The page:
Ellis County

Ellis County Constable's Office Moved to Basement, Near Segregation-Era Sign

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Questions are being raised about why the office of a Black constable in Ellis County was relocated to a basement near a sign from the era of segregation.

County officials said the move was not racially motivated but some critics call it an "embarrassment."

Born and raised in Waxahachie, Ellis County Constable Curtis Polk Jr. knows the area by heart.

At the historic courthouse, Polk said he's always known a sign with the word "Negroes" on it existed in the basement but never had to see it like he does now.

“It’s demoralizing. This last week-and-a-half, it’s been a frustrating time for me,” Polk said.

Last week, Polk's office was relocated to the basement of the old courthouse to make room for more county departments to move in.

“I guess I ended up with the short end of the stick, so I had to move into the office with two sheriff’s deputies,” he said.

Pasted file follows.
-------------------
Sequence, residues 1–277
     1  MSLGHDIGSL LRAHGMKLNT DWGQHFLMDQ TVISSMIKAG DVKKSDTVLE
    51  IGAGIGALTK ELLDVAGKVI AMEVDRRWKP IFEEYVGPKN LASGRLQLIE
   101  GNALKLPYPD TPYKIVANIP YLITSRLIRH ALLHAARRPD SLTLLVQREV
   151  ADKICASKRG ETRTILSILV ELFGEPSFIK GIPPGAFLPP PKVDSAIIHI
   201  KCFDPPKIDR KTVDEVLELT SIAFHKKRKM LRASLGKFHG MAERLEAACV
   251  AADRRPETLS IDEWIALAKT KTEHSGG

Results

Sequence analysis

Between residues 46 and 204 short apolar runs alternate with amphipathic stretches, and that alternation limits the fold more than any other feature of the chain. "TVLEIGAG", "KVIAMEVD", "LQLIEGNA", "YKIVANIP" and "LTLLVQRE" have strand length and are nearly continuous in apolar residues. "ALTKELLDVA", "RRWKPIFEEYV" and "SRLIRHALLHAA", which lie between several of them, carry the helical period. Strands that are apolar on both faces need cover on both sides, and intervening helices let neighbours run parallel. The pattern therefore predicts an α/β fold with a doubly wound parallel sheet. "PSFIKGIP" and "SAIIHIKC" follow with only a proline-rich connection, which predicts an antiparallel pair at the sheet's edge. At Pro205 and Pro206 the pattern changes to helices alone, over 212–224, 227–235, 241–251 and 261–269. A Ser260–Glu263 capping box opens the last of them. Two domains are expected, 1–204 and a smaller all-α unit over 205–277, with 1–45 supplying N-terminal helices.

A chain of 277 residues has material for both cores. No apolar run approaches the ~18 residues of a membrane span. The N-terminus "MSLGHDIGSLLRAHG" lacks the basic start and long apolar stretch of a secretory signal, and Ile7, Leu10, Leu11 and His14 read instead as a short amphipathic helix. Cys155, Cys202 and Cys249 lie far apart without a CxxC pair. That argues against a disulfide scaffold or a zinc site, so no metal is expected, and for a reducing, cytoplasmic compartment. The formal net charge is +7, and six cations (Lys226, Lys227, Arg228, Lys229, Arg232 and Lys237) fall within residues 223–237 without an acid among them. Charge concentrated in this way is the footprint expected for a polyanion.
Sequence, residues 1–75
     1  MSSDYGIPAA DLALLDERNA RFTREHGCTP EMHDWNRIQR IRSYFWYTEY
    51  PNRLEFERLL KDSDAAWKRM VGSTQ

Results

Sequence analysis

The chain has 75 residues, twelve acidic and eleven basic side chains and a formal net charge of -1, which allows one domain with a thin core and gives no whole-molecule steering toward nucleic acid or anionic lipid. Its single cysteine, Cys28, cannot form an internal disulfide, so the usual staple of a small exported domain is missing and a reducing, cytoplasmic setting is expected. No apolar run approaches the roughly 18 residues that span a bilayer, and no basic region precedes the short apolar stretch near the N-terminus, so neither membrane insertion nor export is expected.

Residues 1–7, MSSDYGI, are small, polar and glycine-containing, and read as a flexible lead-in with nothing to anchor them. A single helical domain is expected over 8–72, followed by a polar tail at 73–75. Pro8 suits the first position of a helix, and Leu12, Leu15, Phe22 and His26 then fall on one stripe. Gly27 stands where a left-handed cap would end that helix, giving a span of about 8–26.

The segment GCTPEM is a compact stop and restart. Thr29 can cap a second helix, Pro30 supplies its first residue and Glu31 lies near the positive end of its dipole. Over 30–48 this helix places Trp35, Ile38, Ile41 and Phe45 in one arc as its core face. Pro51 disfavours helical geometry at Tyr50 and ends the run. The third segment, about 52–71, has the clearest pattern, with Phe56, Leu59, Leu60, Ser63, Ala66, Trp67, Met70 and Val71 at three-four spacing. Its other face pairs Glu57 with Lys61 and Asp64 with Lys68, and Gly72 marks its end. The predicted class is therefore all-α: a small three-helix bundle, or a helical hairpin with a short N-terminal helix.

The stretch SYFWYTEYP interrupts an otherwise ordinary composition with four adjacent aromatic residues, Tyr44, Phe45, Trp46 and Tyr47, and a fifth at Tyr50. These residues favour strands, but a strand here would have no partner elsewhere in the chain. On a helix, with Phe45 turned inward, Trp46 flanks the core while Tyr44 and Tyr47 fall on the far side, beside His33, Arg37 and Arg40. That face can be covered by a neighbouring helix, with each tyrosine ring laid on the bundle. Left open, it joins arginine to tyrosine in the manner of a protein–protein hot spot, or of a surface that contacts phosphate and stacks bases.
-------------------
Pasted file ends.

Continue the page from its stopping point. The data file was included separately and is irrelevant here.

Polk said his new office is so small he has to store sensitive documents in a stairwell next door in the same room with the sign which he's now forced to see every day.

“It had hurt me so bad that I thought about stepping away from the constable’s office, find a job doing something else,” Polk said.

In a prerecorded statement, Ellis County Judge Todd Little said the sign used to be near a water fountain.

Little said county commissioners decided to keep it 20 years ago and added a plaque for context.

“The plaque presented with this historical marker challenges us to continue to learn from our past,” Little said.

Tuesday, a Facebook page for Ellis County Democrats demanded county leaders apologize to Polk and “ensure this kind of embarrassment never occurs again.”

Little said the decision to relocate Polk's office was based on “logic and the availability of space, not on malice or any other subjective information.”

Polk said he agrees.

“I wasn't raised like that and I try to give people the benefit of the doubt,” Polk said.

He said his biggest issue is being the only elected official in Ellis County without a private office.

“I believe we are all equal and I believe we should all be treated equal,” Polk said.

Little said the move was only temporary, though it is unclear how long it will last.

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